this problem that occasionally they lose their sense and it appears that the person is
almost dying.

Now, epilepsy is related to the lowering of the concentration of GABA, the gama amino
butyric acid. Now, I already told you the biosynthesis of GABA; that means, it comes
from glutamic acid. So, glutamic acid crosses the blood brain barrier and then it
undergoes decarboxylation by the glutamate decarboxylase and GABA is formed.
How the concentration of GABA is maintained? See, this is very important. You need to
know not only how it is generated, you also need to know how it is degraded. Like
acetylcholine is generated and then its degradation was by the enzyme acetyl choline
esterase. Dopamine is generated from L-tyrosine, its degradation is by monoamine
oxidase.
Then you have this GABA. Its formation is controlled by the glutamate decarboxylase,
but the question is how it is degraded. If you can increase the concentration of GABA
that is going to act as an anti-epileptic agent. Question is that how GABA is a degraded.
(Refer Slide Time: 31:45)

So, you have glutamic acid like this and that undergoes decarboxylation and you form
the gamma amino butyric acid. So, this is GABA and then this GABA undergoes
transamination that occurs by the enzyme GABA-T. GABA-T means gamma amino
butyric acid transaminase. That means, what is transamination?
That is also a pyridoxal system; you have read already pyridoxal mediated reaction
where amine from one compound is transferred to the alpha keto acid removing the

carbonyl and replacing that with amine and in the process the original compound which
is an amine donor that is converted into a carbonyl compound. So, here for this GABA,
the corresponding alpha keto acid is the pyruvic acid.
So, any transaminase will have two components, one is an alpha keto acid, another is the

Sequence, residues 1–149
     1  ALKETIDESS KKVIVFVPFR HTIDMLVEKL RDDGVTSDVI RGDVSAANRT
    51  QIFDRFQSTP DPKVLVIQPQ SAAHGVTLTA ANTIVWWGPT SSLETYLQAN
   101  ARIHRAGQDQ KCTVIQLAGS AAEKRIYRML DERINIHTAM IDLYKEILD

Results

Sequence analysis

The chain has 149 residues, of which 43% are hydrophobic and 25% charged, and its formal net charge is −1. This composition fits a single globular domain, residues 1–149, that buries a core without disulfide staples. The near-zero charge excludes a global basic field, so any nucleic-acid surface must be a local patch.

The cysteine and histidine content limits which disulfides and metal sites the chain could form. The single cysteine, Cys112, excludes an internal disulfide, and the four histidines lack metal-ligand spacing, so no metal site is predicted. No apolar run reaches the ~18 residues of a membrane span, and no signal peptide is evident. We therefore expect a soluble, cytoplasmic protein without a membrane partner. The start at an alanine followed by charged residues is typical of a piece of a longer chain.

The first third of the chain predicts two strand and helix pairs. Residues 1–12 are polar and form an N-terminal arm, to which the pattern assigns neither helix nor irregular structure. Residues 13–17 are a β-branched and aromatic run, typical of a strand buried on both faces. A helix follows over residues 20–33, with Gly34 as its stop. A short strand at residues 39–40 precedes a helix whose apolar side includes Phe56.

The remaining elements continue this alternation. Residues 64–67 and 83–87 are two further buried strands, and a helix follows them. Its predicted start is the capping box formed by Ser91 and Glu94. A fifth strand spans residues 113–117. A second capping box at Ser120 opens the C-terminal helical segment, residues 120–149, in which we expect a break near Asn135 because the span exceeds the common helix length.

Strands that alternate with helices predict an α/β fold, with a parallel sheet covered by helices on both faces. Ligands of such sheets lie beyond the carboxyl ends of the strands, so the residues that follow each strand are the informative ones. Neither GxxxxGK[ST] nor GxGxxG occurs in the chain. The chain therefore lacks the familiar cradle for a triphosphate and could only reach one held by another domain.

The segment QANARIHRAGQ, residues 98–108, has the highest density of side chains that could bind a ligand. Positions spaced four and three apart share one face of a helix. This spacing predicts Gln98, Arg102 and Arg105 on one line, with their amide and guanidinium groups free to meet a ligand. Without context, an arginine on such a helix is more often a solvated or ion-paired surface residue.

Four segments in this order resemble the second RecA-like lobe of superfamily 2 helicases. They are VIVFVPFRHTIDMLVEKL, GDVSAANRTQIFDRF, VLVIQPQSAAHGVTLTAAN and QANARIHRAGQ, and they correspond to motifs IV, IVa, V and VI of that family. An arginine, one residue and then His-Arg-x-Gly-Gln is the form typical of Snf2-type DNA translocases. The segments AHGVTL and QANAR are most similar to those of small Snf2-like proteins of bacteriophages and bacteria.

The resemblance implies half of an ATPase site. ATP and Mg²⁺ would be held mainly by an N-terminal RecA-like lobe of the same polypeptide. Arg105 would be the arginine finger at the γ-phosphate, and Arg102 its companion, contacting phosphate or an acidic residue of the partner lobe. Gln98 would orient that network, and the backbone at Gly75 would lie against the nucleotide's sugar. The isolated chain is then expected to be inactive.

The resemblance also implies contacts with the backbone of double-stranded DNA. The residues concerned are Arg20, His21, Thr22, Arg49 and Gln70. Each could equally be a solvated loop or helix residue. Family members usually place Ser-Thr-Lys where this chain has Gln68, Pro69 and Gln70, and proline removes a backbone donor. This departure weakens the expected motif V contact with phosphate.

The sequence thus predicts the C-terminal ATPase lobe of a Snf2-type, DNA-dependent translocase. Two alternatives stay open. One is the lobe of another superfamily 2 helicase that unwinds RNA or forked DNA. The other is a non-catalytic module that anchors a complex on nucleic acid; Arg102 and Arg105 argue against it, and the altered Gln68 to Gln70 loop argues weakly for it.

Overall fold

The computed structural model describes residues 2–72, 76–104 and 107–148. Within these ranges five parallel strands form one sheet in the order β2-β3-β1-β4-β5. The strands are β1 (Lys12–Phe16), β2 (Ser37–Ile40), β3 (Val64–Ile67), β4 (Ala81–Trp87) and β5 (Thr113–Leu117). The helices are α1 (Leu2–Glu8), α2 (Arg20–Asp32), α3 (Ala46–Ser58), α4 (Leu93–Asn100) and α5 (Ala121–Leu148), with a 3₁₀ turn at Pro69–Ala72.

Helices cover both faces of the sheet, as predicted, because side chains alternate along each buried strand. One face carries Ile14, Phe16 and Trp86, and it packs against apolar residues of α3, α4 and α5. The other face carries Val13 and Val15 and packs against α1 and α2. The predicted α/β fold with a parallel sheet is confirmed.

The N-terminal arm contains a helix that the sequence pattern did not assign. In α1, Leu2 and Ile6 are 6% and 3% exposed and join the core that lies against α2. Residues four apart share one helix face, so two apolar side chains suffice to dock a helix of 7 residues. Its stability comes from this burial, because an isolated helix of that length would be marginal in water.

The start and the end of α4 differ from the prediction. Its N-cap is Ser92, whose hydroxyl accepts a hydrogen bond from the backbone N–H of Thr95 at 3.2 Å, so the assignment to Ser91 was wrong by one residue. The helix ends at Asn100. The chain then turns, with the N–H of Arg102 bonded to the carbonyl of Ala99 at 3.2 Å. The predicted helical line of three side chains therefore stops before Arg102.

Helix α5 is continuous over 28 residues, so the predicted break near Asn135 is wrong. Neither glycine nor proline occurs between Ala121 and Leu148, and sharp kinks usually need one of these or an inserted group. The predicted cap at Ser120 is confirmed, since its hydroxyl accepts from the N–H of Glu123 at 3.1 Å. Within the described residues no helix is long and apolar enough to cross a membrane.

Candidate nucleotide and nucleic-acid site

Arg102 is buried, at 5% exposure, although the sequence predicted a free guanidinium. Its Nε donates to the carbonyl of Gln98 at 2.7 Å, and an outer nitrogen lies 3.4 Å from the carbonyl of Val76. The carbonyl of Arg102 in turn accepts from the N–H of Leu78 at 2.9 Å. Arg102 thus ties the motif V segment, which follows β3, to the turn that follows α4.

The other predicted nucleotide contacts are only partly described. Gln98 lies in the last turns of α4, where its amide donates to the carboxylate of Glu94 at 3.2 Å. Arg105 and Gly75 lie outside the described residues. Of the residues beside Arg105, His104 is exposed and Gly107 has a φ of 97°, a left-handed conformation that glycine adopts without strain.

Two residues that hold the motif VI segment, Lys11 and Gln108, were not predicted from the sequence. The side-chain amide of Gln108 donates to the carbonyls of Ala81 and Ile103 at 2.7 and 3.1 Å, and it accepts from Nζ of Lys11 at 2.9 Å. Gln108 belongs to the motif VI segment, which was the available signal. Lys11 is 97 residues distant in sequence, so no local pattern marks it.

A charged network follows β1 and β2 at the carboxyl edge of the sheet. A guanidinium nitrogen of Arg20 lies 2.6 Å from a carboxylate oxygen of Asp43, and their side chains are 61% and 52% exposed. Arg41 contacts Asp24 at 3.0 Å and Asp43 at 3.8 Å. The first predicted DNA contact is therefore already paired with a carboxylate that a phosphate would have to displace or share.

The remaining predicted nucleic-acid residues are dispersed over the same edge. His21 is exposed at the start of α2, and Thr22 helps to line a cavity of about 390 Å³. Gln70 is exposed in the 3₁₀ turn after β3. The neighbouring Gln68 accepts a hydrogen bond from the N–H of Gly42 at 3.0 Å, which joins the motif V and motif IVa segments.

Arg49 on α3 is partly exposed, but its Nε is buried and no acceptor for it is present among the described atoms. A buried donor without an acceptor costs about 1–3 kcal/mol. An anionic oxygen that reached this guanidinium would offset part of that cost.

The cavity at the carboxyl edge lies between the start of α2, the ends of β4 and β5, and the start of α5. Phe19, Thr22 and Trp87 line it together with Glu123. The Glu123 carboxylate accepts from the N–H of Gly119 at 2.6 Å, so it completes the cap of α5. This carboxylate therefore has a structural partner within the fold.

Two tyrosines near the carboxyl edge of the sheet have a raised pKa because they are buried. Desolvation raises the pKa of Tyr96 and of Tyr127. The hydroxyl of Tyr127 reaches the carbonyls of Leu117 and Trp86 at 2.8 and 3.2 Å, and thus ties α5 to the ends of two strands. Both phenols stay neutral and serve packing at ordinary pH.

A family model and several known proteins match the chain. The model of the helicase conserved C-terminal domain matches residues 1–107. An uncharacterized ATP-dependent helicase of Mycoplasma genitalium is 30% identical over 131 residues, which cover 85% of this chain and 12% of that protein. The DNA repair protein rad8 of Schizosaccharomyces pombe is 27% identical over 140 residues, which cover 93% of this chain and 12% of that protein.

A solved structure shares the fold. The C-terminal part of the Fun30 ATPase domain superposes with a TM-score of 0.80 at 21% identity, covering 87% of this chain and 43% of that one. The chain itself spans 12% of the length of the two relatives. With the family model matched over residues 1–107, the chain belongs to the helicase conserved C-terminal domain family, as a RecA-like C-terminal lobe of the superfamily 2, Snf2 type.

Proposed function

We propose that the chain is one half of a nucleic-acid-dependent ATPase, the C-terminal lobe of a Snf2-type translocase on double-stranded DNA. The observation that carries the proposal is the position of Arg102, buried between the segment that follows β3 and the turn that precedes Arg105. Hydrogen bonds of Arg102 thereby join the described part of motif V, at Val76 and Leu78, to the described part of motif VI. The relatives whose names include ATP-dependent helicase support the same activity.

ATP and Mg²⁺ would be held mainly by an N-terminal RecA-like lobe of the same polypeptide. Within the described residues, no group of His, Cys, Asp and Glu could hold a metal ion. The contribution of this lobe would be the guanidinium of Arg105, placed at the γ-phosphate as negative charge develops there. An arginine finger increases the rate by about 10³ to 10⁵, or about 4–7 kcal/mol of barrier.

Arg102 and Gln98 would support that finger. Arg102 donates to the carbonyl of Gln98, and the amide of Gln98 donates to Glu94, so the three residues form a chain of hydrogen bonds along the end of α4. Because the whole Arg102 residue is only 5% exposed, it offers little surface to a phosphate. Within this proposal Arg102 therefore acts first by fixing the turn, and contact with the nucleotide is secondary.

amino acid. It is not necessary that it will be alpha amino acid; here it is a GABA (Gama
amino butyric acid). So, what will be the reaction? The keto acid will be converted into
what? So, this is nothing, but alanine. And what will happen to the GABA? That will be
CO2H and then, instead of NH2 you will have a carbonyl.
So, this is the compound; that means, remove the NH2 put a carbonyl, but remember
there is a hydrogen here also. So, that is called succinic semialdehyde. So, one of the
carboxy in succinic acid is converted into the aldehyde. So, this is how the GABA is
degraded.
If there is a low concentration of GABA, you have two choices, either you have to add
more glutamic acid, so that you get more concentration of GABA or you can stop this
GABA transaminase by using an inhibitor, so that GABA is not degraded rapidly into
alanine and succinic semialdehyde. So, the first one will not work like L-tyrosine. If you
give L-tyrosine you are not going to get any high concentration of dopamine because
tyrosine is a part of the protein amino acids. So, its major function will be to utilize in the
formation of the protein.
Similarly, glutamic acid is like that. Glutamic acid is a part of your protein amino acid.
So, that will also be mostly consumed in making the protein amino acid, so that part will
not work. So, what can work is that if you can form an inhibitor, so the treatment is
basically finding an inhibitor of GABA transaminase. So, now you see your earlier
knowledge about biochemistry is becoming relevant in understanding the medicinal
chemistry, the genesis of different drugs and the strategies that you have to adopt to
make those.
Now, let us talk about this GABA transaminase inhibitors. So, one compound is what is
called gamma vinyl GABA.

(Refer Slide Time: 36:03)

A very similar compound to GABA, but you put a double bond here. So, this is called
gamma vinyl GABA. Remember the transamination reaction involves reaction with
pyridoxal phosphate. You should remember the structure. This is the CH2OP and this is
OH and that is a methyl. So, methyl, this is OH and this is OP that is called pyridoxal
phosphate and in the biological system, it is present in the protonated form.
Free amines will definitely react and form the imine, so that forms the imine with
pyridoxal. So, that will form the imine. So, CH and then the pyridine nucleus NH plus
and then double bond and we are not writing the substituents, we are writing this because